Strategies like these may be more effective if you’re frazzled after a disaster. Glassberg advises being very careful, especially when responding to an unsolicited call. The same rule applies for emails, which can often disguise phishing scams.

“The most important piece of advice for consumers is to never give out personal information during an unsolicited call,” says Glassberg. “Even if your caller ID says the call is from [a reputable insurance company], you should hang up and call [the company] directly from its publicly listed number.”

Be on the lookout for scams closer to home as well. Home contractor and insurance scams can increase in areas that are heavily hit by natural disaster damage.

Smith says the best way to protect yourself against these types of scams is by asking for proper identification and credentials before entering an agreement for services with a contractor or public insurance adjuster. Most importantly, don’t hand over your credit card information without making sure the person you’re giving it to is legitimate.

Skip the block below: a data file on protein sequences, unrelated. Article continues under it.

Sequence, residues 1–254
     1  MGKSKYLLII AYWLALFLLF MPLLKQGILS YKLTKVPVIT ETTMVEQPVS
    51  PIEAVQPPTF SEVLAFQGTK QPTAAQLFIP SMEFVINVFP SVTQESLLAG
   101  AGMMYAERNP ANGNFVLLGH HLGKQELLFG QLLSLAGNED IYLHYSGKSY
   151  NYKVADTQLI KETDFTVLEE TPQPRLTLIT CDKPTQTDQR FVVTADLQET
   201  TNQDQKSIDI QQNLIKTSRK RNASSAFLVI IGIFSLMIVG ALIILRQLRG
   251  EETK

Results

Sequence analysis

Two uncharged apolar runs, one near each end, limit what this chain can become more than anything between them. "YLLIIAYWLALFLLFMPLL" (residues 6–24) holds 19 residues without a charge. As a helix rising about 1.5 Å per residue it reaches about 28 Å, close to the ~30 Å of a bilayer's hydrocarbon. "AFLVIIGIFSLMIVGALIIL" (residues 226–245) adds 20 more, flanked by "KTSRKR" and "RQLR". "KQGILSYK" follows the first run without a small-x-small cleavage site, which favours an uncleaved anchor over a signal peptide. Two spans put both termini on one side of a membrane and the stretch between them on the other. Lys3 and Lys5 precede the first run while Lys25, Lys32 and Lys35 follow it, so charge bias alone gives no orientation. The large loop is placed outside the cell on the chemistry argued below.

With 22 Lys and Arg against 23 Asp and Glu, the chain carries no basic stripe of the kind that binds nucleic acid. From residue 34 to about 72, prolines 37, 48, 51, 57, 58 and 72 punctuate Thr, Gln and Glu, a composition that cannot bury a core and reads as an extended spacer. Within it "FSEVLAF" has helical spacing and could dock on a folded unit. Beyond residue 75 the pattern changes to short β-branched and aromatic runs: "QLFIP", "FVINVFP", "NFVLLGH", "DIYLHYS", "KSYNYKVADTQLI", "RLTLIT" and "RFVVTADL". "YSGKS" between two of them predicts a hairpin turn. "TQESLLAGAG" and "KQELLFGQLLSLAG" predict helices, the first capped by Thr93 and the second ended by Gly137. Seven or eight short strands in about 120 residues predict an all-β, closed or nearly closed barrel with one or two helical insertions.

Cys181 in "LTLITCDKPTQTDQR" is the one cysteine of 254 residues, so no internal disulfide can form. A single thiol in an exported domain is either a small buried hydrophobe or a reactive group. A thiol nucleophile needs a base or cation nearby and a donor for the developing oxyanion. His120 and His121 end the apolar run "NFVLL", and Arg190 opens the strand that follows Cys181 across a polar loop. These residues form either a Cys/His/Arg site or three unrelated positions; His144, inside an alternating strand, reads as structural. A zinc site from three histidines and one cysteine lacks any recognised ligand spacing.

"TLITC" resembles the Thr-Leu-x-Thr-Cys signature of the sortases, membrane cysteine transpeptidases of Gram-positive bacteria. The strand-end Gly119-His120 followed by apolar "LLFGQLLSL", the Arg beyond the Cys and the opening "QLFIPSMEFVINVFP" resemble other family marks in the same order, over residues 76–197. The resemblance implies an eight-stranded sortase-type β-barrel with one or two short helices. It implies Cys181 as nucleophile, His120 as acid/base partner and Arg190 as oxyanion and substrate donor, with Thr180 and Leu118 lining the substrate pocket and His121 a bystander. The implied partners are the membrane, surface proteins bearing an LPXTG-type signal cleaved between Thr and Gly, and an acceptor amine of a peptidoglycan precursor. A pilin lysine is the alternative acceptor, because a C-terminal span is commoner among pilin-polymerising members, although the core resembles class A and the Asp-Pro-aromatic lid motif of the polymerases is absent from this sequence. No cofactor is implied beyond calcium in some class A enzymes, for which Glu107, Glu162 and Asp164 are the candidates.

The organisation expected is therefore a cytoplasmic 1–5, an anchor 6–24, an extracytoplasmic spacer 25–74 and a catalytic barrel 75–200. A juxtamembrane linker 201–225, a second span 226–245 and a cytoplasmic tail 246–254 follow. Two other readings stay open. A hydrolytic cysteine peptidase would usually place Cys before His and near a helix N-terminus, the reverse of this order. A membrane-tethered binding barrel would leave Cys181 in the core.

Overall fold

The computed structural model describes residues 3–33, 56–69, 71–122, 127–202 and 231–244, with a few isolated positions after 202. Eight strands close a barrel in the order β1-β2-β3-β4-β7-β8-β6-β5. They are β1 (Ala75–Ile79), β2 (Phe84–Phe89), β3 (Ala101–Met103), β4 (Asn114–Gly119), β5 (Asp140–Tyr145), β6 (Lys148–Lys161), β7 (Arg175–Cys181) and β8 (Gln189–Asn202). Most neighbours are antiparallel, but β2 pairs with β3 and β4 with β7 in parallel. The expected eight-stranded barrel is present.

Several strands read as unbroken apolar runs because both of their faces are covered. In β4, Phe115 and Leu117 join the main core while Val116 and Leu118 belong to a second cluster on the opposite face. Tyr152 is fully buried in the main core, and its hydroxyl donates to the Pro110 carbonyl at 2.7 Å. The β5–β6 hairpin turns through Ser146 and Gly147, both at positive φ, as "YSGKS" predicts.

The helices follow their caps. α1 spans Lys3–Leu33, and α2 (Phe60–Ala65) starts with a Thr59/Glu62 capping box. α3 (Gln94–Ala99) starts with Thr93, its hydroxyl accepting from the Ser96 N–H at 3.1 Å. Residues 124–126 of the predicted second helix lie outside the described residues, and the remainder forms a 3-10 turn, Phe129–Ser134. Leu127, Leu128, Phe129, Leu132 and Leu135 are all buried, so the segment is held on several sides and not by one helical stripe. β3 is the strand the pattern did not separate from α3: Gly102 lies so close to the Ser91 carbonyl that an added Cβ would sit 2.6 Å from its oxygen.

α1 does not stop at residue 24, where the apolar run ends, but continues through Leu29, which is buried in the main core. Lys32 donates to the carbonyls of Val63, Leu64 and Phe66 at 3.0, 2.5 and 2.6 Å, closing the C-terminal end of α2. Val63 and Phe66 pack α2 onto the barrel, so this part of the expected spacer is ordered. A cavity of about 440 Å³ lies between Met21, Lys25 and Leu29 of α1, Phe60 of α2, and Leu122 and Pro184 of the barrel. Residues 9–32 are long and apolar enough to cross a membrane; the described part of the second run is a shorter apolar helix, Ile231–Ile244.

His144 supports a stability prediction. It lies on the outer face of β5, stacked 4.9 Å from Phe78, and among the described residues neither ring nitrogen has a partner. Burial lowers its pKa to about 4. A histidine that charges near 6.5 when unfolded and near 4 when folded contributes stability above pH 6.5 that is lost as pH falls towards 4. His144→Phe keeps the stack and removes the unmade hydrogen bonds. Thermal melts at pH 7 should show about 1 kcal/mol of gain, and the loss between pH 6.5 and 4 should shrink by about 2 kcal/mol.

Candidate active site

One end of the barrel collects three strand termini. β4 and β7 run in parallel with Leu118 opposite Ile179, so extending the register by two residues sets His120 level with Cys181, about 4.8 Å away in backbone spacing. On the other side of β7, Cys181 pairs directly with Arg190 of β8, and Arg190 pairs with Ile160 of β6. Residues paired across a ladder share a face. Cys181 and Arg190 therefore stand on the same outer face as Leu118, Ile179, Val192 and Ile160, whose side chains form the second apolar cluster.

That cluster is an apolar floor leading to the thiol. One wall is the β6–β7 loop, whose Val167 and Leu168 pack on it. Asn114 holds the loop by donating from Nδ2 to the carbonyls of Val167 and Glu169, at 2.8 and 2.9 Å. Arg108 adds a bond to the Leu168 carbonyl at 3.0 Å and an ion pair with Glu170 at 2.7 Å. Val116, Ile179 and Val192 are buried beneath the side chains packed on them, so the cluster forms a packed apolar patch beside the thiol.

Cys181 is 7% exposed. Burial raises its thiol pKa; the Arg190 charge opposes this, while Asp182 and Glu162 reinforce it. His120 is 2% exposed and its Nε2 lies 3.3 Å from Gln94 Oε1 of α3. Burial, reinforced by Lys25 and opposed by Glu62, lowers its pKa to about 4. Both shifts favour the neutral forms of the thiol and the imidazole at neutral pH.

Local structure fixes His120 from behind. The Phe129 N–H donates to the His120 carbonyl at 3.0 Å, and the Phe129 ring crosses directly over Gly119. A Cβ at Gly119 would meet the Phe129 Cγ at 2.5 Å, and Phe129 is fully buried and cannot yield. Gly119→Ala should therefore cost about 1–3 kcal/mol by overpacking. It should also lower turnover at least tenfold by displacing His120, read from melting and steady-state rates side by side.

4. Check Your Credit Report Regularly

It’s generally a good idea to check your credit report regularly, but it becomes even more important following a natural disaster.

“People should check their credit following a natural disaster for any negative impacts, fraudulent activity,” Smith says,” because the opportunity to become a victim of fraud or scams will be at its highest within 30 days after the disaster.”

In addition to checking your credit report, keep an eye on your score as well. Use your credit card’s free credit score access (like Discover’s Credit Scorecard) if it’s offered. And, check your card for other security features that can help you protect your credit after a natural disaster.

Discover, for instance, offers the Freeze it® feature, which allows you to temporarily lock your account if you suspect fraud. You also can sign up for free Social Security number alerts, which can notify you if your personal or financial information is potentially being misused.

Recovering from a natural disaster can take days, weeks, months — sometimes even years. In the meantime, taking action to avoid damage to your credit can help make your journey back to normalcy a smoother one.

Published March 11,2019.

Updated May 11, 2020.